15 May 2023

Final phase of Tui Oil Field decommissioning set to begin

8:29 pm on 15 May 2023
The Q7000 Heavy Well Intervention vessel will plug and formally abandon wells across Tui Oil Field as part of the decommissioning project.

The Q7000 Heavy Well Intervention vessel (pictured) will plug and formally abandon wells across Tui Oil Field as part of the decommissioning project. Photo: Supplied / MBIE

The arrival of a specialist vessel at Port Taranaki this week marks the beginning of the final phase of decommissioning the abandoned Tui Oil Field.

The Tui field was deserted in 2019 after the financial collapse of Tamarind Taranaki, which left the Crown responsible for its safe decommissioning.

The Ministry of Business Innovation and Employment (MBIE) - which is overseeing the project - said the Helix Energy Solutions' Q7000 vessel would plug and formally abandon wells across the field.

The phase three work is expected to take about three months and the Q7000 will not be carrying out any new oil field activity during its time in New Zealand.

Helix Energy Solutions is an international provider of well intervention and abandonment services, and the Q7000 is the most modern vessel in its fleet.

Tui Project director Lloyd Williams welcomed its arrival, saying this phase had been in the planning for more than two years.

"The well plugging and abandonment is the most substantive part of the Tui decommissioning project," Williams said.

"It involves re-entering wells on the seafloor and then positioning cement plugs about 3000m below the surface.

"In addition, we will remove any equipment on the wells from the seafloor."

The project was providing opportunities for New Zealand specialists and local suppliers, Williams said.

"Over 50 percent of the offshore crew of around 100 will be New Zealanders or Australians, and more than 20 local businesses are contracted to support the project."

MBIE has partnered with Te Kāhui o Taranaki (Taranaki Iwi) for the Tui decommissioning.

Tumuwhakarito (chief executive) Wharehoka Wano said the arrival of the Helix marked an important next step in the project.

"It's vitally important Taranaki Iwi and the hapū of Ngāti Kahumate, Ngāti Tara, Ngāti Haupoto and Ngāti Tuhekerangi continue to work closely with MBIE on this project," Wano said.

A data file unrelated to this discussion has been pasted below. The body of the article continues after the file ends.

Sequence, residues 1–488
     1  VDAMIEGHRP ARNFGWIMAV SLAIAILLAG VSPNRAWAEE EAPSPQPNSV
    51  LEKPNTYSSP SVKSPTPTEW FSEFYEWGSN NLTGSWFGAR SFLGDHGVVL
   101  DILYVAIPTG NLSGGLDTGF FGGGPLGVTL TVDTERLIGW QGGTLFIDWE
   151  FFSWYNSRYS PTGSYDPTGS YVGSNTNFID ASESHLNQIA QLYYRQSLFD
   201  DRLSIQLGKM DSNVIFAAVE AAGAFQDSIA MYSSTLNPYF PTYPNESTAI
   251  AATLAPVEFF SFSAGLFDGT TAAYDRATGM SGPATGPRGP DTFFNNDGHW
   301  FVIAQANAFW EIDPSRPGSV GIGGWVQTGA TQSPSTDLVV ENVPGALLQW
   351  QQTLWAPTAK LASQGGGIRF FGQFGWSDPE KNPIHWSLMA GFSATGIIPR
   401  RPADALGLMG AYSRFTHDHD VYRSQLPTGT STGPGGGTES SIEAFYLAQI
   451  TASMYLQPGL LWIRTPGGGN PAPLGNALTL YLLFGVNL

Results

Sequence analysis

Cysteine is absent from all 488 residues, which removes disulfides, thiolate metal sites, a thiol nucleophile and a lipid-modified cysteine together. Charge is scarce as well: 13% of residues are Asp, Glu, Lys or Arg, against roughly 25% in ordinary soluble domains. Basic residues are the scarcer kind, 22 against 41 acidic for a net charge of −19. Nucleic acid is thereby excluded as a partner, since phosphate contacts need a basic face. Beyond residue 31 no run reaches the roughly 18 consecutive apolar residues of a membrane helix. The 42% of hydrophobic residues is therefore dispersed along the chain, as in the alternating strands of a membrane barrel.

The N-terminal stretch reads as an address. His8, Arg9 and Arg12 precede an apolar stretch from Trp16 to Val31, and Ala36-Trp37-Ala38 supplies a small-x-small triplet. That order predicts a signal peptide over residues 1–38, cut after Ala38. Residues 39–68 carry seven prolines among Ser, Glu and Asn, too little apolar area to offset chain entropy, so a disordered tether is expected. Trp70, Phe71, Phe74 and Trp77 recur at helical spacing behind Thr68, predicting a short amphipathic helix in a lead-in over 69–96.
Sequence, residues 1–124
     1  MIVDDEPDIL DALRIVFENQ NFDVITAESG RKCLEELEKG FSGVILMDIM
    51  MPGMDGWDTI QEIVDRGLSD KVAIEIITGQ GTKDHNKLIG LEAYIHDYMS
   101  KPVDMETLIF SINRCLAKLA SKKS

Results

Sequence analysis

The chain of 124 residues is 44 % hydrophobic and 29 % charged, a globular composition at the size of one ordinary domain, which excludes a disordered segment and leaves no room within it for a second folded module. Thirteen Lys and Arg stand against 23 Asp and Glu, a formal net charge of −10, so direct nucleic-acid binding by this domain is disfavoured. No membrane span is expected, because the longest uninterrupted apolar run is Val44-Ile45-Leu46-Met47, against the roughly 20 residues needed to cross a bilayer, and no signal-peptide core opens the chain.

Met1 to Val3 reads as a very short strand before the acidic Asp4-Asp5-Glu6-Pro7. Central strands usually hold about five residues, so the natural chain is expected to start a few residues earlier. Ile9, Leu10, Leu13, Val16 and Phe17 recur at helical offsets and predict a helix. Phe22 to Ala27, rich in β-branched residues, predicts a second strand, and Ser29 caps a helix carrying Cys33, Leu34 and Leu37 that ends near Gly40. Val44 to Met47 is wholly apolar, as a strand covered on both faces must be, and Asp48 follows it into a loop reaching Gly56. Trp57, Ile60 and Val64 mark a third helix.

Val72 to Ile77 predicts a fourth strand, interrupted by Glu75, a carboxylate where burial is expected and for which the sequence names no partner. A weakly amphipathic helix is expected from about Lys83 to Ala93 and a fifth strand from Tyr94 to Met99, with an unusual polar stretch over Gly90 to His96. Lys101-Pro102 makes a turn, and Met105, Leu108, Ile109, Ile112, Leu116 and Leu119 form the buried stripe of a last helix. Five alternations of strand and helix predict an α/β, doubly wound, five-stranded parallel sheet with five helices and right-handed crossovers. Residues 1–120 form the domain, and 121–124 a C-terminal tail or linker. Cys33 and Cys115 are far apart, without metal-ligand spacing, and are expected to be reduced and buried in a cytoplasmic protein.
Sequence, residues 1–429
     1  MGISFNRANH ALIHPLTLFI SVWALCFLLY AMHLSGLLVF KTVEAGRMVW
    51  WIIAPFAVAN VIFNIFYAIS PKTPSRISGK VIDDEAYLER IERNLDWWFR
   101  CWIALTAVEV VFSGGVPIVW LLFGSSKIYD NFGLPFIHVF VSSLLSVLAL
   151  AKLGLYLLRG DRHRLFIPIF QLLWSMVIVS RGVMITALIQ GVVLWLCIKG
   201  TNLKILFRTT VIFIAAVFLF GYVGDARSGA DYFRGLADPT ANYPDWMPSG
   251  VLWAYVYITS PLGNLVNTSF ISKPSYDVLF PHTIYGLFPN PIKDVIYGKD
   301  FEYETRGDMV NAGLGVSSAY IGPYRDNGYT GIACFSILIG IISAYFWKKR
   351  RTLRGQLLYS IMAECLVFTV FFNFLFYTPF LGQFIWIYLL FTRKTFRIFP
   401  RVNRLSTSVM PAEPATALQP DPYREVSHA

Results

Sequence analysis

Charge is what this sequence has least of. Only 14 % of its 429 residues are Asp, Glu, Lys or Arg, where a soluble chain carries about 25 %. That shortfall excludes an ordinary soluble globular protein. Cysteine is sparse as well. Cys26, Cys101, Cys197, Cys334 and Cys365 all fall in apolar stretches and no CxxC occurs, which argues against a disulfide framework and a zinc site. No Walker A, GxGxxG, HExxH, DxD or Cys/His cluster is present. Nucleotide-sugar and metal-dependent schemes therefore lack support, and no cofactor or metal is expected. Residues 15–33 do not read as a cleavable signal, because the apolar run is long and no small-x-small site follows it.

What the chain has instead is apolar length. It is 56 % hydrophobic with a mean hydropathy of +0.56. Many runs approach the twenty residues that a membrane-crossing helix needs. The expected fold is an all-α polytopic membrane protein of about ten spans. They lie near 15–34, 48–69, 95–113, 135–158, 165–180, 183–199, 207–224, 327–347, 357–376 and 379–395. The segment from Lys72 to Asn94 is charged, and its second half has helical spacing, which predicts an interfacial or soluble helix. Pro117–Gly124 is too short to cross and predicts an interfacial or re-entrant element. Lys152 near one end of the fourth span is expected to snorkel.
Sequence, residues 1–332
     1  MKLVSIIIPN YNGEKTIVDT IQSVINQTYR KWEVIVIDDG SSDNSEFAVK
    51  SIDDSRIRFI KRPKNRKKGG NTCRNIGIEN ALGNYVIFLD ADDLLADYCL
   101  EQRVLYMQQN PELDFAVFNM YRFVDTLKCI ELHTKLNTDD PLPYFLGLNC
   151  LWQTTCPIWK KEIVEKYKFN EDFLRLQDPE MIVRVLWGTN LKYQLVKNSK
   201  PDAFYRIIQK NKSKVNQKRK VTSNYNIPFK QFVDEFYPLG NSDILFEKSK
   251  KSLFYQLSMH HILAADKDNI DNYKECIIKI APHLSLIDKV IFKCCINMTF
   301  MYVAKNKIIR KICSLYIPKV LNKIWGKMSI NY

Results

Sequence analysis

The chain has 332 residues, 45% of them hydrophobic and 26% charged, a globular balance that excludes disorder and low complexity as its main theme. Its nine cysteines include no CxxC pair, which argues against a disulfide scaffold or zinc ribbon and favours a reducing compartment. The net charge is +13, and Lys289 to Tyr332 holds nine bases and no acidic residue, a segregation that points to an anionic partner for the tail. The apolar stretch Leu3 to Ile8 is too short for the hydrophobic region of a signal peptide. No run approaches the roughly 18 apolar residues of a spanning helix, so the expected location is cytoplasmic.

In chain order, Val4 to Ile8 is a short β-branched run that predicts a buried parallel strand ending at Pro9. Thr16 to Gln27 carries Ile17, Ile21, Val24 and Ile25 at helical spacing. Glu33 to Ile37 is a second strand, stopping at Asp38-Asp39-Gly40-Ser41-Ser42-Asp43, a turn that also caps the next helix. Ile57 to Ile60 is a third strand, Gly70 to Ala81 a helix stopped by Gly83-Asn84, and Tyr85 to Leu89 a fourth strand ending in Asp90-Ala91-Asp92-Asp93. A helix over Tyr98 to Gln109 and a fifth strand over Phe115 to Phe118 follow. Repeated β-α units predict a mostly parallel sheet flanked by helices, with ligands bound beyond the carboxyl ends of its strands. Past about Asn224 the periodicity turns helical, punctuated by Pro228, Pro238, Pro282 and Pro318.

"As kaitiaki, we ensure our taiao and important cultural resources are protected and enhanced for the next generations."

Following this phase of work, the Tui Project will focus on removing the four mid-water arches, which is a residual task from the previous phase.

In May, MBIE signed an agreement with Sapura Projects, an Australian-based supplier of subsea services, for this work to be carried out in the coming summer period.

Removing the mid-water arches will be the final step in the Tui Decommissioning Project.

Port Taranaki commercial head Ross Dingle said the Q7000, which was in transit from Perth, would come to port under its own steam and be provided with a pilot and tug support to bring it into berth.

"Dozens of workers and project staff will be joining the vessel in New Plymouth, so it works well for the vessel to come into port for the crew transfer and to load supplies before heading to the site."

Energy consultancy Elemental Group is providing project management assistance for Helix Energy Solutions in New Zealand.

Director Nick Jackson said as well as providing logistics support and assisting with health and safety and environmental compliance, the company was assisting with procurement, and managing the New Zealand companies needed for the project work.

"All up, there will be a team of more than 100 on the Q7000, over half being Kiwis and Aussies in operations roles working alongside the Helix crew, as well as several specialist roles, such as wireline and cementing," Jackson said.

"We're excited to be a part of the project. I worked on some of the original Tui exploration wells, so it's nice to be involved in restoring the mauri of the area."

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